Thursday, May 31, 2012

God save your mad parade

While clearing out my mum’s flat the other day (we’ve moved her to a Home for the Baffled and Irritating), I came across a dusty red presentation sleeve containing my silver jubilee coin.  The children immediately squirrelled it away to their room, informing me they’ll give it back only if they receive similar diamond-themed largesse from the Council. Back in 1977 I imagined the Queen had munificently sent the coins out herself to every child in the land. Certainly Man of the House was given the exact same one in Glasgow, and he slipped it under his pillow each braw bricht nicht to prevent it being thieved by the frightening neds who shared the filthy tenement block he called home. I’m convinced he’s hired Irvine Welsh to script these reminiscences.
Grange Girl couldn’t recall getting a silver coin, though she did remember dressing up for a street party as HMS Britain, made out of cardboard and milk bottle tops. Ah, memories. Just the words ‘street party’ and I’m back, ten years old, squinting into the perpetual-sunshine-of-childhood, slightly anxious about the unfamiliar Liebfraumilch-fuelled bonhomie of our street, and dressed as a little Dutch girl. I assume I must have had the costume already and doggedly insisting on wearing it to the party. I can still bring to mind the simultaneous feelings of pride in the little white hat with the turned-up corners, and hot embarrassment at the suspicion that I looked like a div. I wasn’t old enough yet to question my fervently patriotic feelings towards the Royal Family, particularly Andrew, who unbelievably was quite fanciable back then, if you were ten and inclined to wear clogs, anyway. I saw no conflict between my Union Jack scrapbook and my punkified Pippa dolls, whose malleable plastic cheeks I had pierced with safety pins.
My family kept itself to itself, but on this one glorious day no traffic was allowed in the street, and my mum was seen talking – even smiling! – to the other, more glamorous mothers previously categorised as ‘tarty’ or ‘probably anti-semitic.’ All the adults worked together to place trestle tables end to end, their uneven heights covered by sheets that had seen better days. Dads stood smoking in their ‘Life on Mars’style tank tops, and mums trotted back and forth with plates of, I suppose, flat little cheese sandwiches on white bread and Golden Wonder crisps. I don’t think we were allowed to eat anything else back then. Sitting in the middle of the road, in the middle of the afternoon, the heat almost setting my polyester Dutch dress aflame, my mother chatting vivaciously to people she held grudges against,  it felt like the world had tipped upside down, in a good way. But it was an illusion. Next day there was nothing but a few crusts in the gutter, and my mum shifting the lace nets muttering, “She’s off out again. Could she show any more bosom if she tried?’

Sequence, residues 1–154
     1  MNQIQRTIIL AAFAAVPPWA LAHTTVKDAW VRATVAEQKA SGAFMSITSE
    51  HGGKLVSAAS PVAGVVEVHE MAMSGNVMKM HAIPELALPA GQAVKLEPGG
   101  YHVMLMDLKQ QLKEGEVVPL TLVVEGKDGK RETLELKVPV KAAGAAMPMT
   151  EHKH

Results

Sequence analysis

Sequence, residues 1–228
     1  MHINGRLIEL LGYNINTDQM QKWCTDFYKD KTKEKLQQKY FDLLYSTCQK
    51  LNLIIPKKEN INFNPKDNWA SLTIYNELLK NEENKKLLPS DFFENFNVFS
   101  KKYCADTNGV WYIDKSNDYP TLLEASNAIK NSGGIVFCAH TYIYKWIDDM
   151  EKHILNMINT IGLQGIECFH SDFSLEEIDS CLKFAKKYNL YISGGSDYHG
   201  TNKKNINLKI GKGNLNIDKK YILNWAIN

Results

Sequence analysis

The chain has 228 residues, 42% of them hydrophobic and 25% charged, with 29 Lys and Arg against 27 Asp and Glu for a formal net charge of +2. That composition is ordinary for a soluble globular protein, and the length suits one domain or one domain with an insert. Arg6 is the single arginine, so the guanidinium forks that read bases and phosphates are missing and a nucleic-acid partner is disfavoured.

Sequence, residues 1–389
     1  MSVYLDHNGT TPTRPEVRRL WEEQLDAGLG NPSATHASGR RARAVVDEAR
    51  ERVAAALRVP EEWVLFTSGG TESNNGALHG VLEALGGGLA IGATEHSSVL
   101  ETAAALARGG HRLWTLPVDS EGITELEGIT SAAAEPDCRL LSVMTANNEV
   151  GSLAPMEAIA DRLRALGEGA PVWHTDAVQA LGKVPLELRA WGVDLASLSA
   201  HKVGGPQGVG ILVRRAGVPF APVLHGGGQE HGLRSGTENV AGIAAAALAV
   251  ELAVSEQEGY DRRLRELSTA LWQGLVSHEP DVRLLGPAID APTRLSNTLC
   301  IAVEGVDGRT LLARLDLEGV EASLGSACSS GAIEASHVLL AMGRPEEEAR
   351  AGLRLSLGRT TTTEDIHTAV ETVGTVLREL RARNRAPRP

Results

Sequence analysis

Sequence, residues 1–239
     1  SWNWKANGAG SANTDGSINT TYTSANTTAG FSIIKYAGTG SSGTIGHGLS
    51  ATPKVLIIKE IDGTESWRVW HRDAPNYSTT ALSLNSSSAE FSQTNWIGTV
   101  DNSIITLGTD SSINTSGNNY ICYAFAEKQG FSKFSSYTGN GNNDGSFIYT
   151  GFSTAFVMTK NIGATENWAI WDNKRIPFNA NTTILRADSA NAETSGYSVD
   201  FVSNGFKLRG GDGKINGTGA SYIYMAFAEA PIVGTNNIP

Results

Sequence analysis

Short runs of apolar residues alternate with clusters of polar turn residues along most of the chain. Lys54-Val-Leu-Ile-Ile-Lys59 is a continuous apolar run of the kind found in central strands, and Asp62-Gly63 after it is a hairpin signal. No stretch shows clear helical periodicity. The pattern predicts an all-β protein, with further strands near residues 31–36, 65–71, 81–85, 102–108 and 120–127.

Beth Miller, 14th May 2012. Published in and in Viva Lewes magazine June 2012

Thursday, May 10, 2012

Tea for two and two for tea

Pixie Haircut set two mugs on the counter. One was a straight-up-and-down piece of china emblazoned with a Scrabble letter P. The other was a fancy thin thing, its twisted briar handle inspired by the pattern on the cup – a blossoming of unlikely purple roses – rather than by comfort and ergonomics.
“I’d like that one please,” I said, pointing to the Scrabble mug.
“That’s mine,” she said gently. “See the P on it?”
“But the other one’s the WRONG SHAPE FOR TEA,” I said, accidentally raising my voice.
“I KNOW,” she replied, “that’s why I don’t want it.”
Impasse. We stared at each other and the kettle began to whistle. Odd really, as it was electric.
“Come on, Pix, you must have some others.”
She opened the cupboard and huffily began showing me mugs as if introducing beauty contestants. I discounted three more thin ones – “presents,” she sighed – because tea does not taste nice in thin mugs. Don’t ask me why, I am merely the messenger. Next I rejected a large pint mug; these don’t work because of temperature issues. I recoiled from a low wide striped cup with a large comedy saucer, and shook my head at a tapered mug with a black interior. No matter how clean, dark insides make tea look scummy and/or the wrong colour. There was a Golden Shred Golliwog mug which we’d all bought from a local shop to prevent them being purchased by racists; and another which was the wrong shape (squat), the wrong colour (mid-brown) and slightly chipped.
“That’s the builder’s mug,” Pixie H. said.
“What if you need more than one?” I asked, thinking of our window cleaners, who turn up mob-handed in twos and threes, and who incidentally take four sugars each except the gaffer who takes five.
“I’m afraid they get this.” She revealed the Most Evil Cup Of All: a misshapen monstrosity in the form of a cat. China ears stuck out at the top, clearly designed to poke the casual drinker in the eye, and the handle had been forced to depict a furry tail.
“Heavens, Pix, are those FEET?” I cried in alarm.
“Look!” she wailed, flinging it to the tiled floor whence it bounced, unharmed. “It’s indestructible.”
I didn’t judge. We all have gifts from in-laws which we have failed to mercy-kill.
“You know Alan Bennett spoke at length on this matter,” Pixie said, generously giving me the Scrabble mug and taking a black wrong-colour-producing one herself. “He has a ‘friendly fork, a bad knife and a blue-and-white plate that is thicker than the others.’”
“Oh, don’t let’s get started on the rest of the crockery,” I said, starting nonetheless. “I have a horrid white plate which is too small.”
Pixie H. thoughtfully stirred her tea. “This is my favourite tea-spoon,” she said. “If it’s in the dishwasher I have to take it out and hand wash it, though I have twenty-four others.”
“Well that’s just daft,” I said.

Beth Miller, 3rd May 2012. Published in and Viva Lewes magazine, January 2013